An Accessory Dwelling Unit (ADU) is an extra living space you add on to an existing residence
Often times called a “Granny Flat” or a “mother-in-law” suite, but relax: most of the time (if you’re lucky) your mother-in-law is not going to reside in the ADU.
In fact, most homeowners use them as a source of rental income or as a supplemental living space. In this article, we’ll focus on the rental property potential because that’s why ADU construction in Los Angeles has become so popular. The massive demand for housing in LA and surrounding areas, has made it so local laws have welcomed ADU development as a way to manage the housing crisis.
So if you’re an owner that’s asking Why should I build an ADU?
It is simple. ADUs increase property value and add potential for rental income!
One of the few win wins when it comes to mother-in-laws, right?
(ok no more jabs at the in-laws from here on out)
The three most common types of ADUs are: attached, detached, and interior conversions
A detached ADU is a separate structure from the main residence. It increases the property’s square footage and appraisal value without the same limitations that the other categories might have. In Los Angeles, adding 1,000 square feet can raise the property value by almost half a million dollars.
An attached ADU is an extension of the main residence, but it cannot exceed 50% of the current square footage of the property. Within this category of attached ADUs is the “Junior Accessory Dwelling Units” aka JADU. This is what you get when you add a small kitchen and exterior door to a space in an existing single family. It may include a bathroom OR may share a bathroom with the primary dwelling.
Another type of ADU is a garage conversion, which is usually the least expensive style to build, but it does have some drawbacks. Most obviously, you’ll lose some/all of your garage…and that may hurt the property value. Having said that, a garage conversion can generate significant income.
What to consider when building an ADU
So now you’ve got your options for adding an ADU, but choosing the best path is really going to depend on the physical layout of your property, your goals for the space, and your budget. Here’s what to consider before building an accessory dwelling unit:
- Assess the total cost of the construction. Now add 25% to that estimate because construction usually has unexpected costs and last minute updates that require more money.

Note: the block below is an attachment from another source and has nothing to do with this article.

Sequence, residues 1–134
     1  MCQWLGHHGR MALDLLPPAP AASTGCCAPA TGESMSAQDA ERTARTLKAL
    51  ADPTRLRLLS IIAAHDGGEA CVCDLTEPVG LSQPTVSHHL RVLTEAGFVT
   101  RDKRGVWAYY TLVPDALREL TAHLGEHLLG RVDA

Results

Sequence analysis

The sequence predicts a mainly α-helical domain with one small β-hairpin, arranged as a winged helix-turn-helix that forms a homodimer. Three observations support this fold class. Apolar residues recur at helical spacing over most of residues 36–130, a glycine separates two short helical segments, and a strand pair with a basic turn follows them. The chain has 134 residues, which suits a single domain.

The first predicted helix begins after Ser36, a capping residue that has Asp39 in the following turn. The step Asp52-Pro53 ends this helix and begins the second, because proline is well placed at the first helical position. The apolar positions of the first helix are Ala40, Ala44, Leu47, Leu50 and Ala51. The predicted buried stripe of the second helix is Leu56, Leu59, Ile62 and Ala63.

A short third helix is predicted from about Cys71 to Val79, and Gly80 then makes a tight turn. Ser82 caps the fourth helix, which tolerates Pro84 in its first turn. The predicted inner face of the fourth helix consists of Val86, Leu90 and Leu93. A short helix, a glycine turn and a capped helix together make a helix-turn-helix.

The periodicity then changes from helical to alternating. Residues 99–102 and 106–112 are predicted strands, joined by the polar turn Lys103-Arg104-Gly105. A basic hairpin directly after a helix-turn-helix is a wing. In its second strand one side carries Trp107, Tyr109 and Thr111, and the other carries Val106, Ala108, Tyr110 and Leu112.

- Review the current ADU guidelines and code specifications – they will vary by local zoning ordinances. For example if you are building an ADU in Los Angeles and you don’t have an egress window, it’s gonna be a problem.
- Don’t think that watching 10,000 hours of HGTV gives you the skills to complete this project without professionals. If you have that DIY itch, start on a birdhouse. If you come back to find at least one bird that’s made it a home, then you have our blessing to put hammer to nail on your ADU. Until then, LEAVE IT TO THE PROS because unlike that birdhouse, this ADU is gonna have to attract a tenant that will actually pay you one day.
- Insulate the ADU appropriately because cold tenants light fires to stay warm…and nothing decreases property values like the fire department
- Soundproofing, natural light, and ventilation will all be important factors when making the ADU feel like someone’s home. Just because it’s called a mother-in-law, doesn’t mean you can get away with making it feel like a dungeon.
Accessory dwelling units are easy ways to increase property value while also increasing income or privacy. And remember, that Granny’s can be cool too…so think hip and modern when designing your Granny Flat. Get creative with your architect and contractor…but don’t forget to have a convo about permits before it’s too late. Not every ADU must be permitted, but if you get caught running afoul of some of the stricter local guidelines, even Granny’s Antique Elvis Plate collection won’t save you from the costs to get things back up to code.
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Now we must bid you ADU